90 Facts About Corazon Aquino


Maria Corazon "Cory" Sumulong Cojuangco-Aquino was a Filipino politician who served as the 11th president of the Philippines from 1986 to 1992.


Corazon Aquino was the most prominent figure of the 1986 People Power Revolution, which ended the two-decade rule of President Ferdinand Marcos and led to the establishment of the current democratic Fifth Philippine Republic.


In late 1985, Marcos called for a snap election, and Aquino ran for president with former Senator Salvador Laurel as her running mate for vice president.


Corazon Aquino was the first female president of the Philippines.


Corazon Aquino's administration pursued peace talks to resolve the Moro conflict, and the result of these talks was creation of the Autonomous Region in Muslim Mindanao.


Corazon Aquino was criticized for the Mendiola Massacre, which resulted in the shooting deaths of at least 12 peaceful protesters by Philippine state security forces.


Corazon Aquino was succeeded as president by Fidel V Ramos and returned to civilian life in 1992.


Corazon Aquino was diagnosed with colorectal cancer in 2008 and died on August 1,2009.


Maria Corazon Aquino Sumulong Cojuangco was born on January 25,1933, in Paniqui, Tarlac.


Corazon Aquino's father was Jose Cojuangco, a prominent Tarlac businessman and former congressman, and her mother was Demetria Sumulong, a pharmacist.


Corazon Aquino was the sixth of eight children, two of whom died in infancy.


Corazon Aquino spent her elementary school days at St Scholastica's College in Manila, where she graduated at the top of her class as valedictorian.


Corazon Aquino transferred to Assumption Convent to pursue high school studies.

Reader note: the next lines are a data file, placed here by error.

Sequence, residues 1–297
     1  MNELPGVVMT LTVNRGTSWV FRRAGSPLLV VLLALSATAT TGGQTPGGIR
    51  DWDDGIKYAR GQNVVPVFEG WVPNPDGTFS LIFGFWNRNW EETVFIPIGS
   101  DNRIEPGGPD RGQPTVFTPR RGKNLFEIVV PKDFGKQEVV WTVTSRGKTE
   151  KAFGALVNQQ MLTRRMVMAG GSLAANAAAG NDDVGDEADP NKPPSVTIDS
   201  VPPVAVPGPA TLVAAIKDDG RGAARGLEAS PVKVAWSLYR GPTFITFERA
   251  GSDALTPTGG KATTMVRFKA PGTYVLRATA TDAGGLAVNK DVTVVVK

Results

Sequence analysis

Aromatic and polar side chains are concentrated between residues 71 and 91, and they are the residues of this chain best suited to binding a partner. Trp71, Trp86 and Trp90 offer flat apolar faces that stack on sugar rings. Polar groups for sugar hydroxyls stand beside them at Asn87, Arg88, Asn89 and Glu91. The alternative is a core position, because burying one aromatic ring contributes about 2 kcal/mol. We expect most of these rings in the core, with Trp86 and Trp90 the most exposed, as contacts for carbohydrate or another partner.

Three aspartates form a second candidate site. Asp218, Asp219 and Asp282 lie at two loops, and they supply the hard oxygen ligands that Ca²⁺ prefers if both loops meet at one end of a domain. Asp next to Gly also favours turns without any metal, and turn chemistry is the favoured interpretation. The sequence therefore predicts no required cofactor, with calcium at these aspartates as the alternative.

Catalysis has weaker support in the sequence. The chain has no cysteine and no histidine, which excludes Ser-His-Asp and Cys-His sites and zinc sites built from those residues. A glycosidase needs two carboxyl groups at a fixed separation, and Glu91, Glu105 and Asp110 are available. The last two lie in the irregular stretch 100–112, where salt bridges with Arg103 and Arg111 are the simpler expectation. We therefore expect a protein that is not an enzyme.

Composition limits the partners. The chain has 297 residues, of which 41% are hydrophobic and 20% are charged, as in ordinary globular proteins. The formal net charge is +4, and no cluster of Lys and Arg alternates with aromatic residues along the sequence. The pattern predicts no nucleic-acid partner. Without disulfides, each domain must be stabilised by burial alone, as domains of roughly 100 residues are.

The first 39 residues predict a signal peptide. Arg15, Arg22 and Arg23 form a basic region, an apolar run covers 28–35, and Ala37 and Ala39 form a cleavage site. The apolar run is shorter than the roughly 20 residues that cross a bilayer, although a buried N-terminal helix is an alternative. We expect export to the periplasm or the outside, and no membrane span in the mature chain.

Corazon Aquino then transferred to Notre Dame Convent School in New York City, where she graduated from in 1949.


Corazon Aquino discontinued her law education and married Benigno in Our Lady of Sorrows Parish in Pasay on October 11,1954.


Corazon Aquino initially had difficulty adjusting to provincial life when she and her husband moved to Concepcion, Tarlac, in 1955.


Corazon Aquino found herself bored in Concepcion, and welcomed the opportunity to have dinner with her husband inside the American military facility at nearby Clark Field.


Corazon Aquino was fluent in French, Japanese, Spanish, and English aside from her native Tagalog and Kapampangan.


For most of her husband's political career, Corazon Aquino remained a housewife who raised their children and hosted her spouse's political allies who would visit their Quezon City home.


Unbeknownst to many at the time, Corazon Aquino sold some of her prized inheritance to fund the candidacy of her husband.


Corazon Aquino campaigned on behalf of her husband and delivered a political speech for the first time in her life during this political campaign.


Corazon Aquino returned to the Philippines a few days later and led her husband's funeral procession, in which more than two million people participated.


Corazon Aquino began to assume the mantle of leadership left by her husband and became a figurehead of the anti-Marcos political opposition.


Corazon Aquino refuted Marcos' charge and stated that she would not appoint a single communist to her cabinet.